This one's for you...
- Two things so far, SH from NY. What's in a typical phart? You might ask.
Nitrogen - 20 to 90%
Hydrogen - up to 50%
Carbon Dioxide 10 to 30% (product of decomposition)
Oxygen up to 10%
Methane up to 10% (product of decomposition)
If there is an odour, it will usually come from any of these sulphur compounds: methanethiol, hydrogen sulfide (rotten egg smell) and dimethyl sulfide.
This video, entitled FART SCIENCE, gives you additional information in a humourous way:
Flatus, also known as flatulence or passing gas, is a scientific study in the field of gastroenterology.
Gases like nitrogen, oxygen, carbon dioxide, methane, and small amounts of other gases make up flatus. It's a normal part of digestion.
Our gastrointestinal tract digests food when we eat it. Byproducts of this process include gases.
Gut bacteria can produce gases like hydrogen, carbon dioxide, and methane when they break down carbohydrates and fibers in the large intestine.
Diet, gut microbiota, and individual differences can all affect flatus frequency and odor. Gas production is increased by foods like beans, cabbage, onions, and carbonated beverages. Lactose intolerance, celiac disease, and irritable bowel syndrome (IBS) can also cause too much gas.
The focus of scientific research in this area is understanding the mechanisms of gas production, the effects of different foods on gas production, the role of gut microbiota in gas metabolism, and potential treatments for excessive flatulence.
It's important to be considerate of others in public settings,
even though flatus is a natural bodily function. A healthcare professional can provide guidance and advice tailored to your needs if it's excessive or bothersome.
Poo releases methane which contributes to global warming.
Barry's Response - Around us and all over the world, we have tons and tons of microbes decomposing organic matter and emitting more tons of carbon and methane (which is 25 times more effective than carbon dioxide as a greenhouse gas) into the air every year. Poo is just one example of that natural process.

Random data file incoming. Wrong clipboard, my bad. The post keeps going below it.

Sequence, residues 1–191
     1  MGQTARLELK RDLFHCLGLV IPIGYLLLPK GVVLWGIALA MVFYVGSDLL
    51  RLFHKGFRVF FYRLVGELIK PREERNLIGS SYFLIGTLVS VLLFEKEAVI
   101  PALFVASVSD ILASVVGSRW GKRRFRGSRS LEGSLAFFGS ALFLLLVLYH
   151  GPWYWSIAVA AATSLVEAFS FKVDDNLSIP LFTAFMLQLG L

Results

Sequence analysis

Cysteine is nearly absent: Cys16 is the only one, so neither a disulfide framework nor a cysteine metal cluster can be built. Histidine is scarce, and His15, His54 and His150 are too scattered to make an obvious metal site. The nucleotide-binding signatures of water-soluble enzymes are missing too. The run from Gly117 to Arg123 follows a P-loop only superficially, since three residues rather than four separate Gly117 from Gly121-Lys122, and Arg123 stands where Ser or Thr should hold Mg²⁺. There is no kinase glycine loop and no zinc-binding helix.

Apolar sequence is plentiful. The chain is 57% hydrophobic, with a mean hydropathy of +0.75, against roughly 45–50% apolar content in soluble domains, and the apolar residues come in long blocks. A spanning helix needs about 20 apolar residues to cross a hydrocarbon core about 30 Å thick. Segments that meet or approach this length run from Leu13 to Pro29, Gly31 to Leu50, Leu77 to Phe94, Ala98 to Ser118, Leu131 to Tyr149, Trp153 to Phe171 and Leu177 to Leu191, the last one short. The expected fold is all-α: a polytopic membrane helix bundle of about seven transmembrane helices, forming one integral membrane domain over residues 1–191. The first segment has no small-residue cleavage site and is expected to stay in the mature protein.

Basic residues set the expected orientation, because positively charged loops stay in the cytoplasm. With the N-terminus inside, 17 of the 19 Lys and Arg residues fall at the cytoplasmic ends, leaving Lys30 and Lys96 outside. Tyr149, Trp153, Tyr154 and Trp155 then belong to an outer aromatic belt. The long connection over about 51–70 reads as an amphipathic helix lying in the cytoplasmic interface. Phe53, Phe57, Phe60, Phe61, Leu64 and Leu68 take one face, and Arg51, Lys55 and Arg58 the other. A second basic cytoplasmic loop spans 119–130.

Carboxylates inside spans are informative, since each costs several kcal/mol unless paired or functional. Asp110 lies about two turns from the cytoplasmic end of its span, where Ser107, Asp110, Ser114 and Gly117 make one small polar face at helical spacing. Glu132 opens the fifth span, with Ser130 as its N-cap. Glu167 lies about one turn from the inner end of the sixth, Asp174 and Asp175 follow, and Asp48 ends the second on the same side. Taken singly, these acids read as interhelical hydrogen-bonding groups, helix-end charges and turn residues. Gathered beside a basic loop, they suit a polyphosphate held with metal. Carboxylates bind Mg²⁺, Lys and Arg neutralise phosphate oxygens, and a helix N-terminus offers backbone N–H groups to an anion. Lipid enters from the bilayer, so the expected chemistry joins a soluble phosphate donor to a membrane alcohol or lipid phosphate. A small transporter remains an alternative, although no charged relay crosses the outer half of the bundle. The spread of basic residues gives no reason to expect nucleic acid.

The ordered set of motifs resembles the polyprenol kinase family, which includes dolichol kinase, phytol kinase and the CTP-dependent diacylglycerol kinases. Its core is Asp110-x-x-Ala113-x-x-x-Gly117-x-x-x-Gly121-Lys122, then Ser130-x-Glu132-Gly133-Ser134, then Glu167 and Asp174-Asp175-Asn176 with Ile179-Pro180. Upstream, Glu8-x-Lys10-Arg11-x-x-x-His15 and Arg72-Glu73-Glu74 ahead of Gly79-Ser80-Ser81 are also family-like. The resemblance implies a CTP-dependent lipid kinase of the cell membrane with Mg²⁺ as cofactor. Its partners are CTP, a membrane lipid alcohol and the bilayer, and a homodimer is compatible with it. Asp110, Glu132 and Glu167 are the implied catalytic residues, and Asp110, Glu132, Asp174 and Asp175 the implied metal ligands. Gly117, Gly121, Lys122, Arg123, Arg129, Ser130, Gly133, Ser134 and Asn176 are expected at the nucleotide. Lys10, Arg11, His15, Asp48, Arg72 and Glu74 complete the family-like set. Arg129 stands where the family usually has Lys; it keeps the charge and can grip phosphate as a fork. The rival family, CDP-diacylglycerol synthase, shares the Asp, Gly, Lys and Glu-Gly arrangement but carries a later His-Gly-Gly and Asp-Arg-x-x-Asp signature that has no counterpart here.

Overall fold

Decomposition occurs at a faster rate when the ambient temperature increases, but as long as the amount of rotting material stays the same, the total amount of GHG release should neither increase nor decrease. One would simply expect that it would happen faster and be over sooner.
But does the amount change? If the stuff currently trapped under ice becomes free for compost, then the total pool increases. It has happened before and will again repeatedly over the cycles of millions of years.
Another by-product of decomposition is mold, and especially the spores it releases. This can lead to air-quality related illnesses. Read more about them here.
Search this site for more information now.
As a waste product excreted by animals, including humans, feces can be considered organic waste.
It's possible for feces to pollute the environment and pose health risks if they're improperly disposed of or contaminated. In areas with inadequate sanitation infrastructure or bad waste management, this is especially important.
Feces can be a nutrient source for the environment. Natural ecosystems use animal feces to cycle nutrients and provide organic matter.
Natural fertilizers like animal manure are sometimes used in agriculture.
When feces aren't handled properly or treated, they can contaminate water, spread diseases, and cause other health problems. In order to prevent fecal pollution and protect public health, we need proper sanitation systems, waste management practices, and regulations.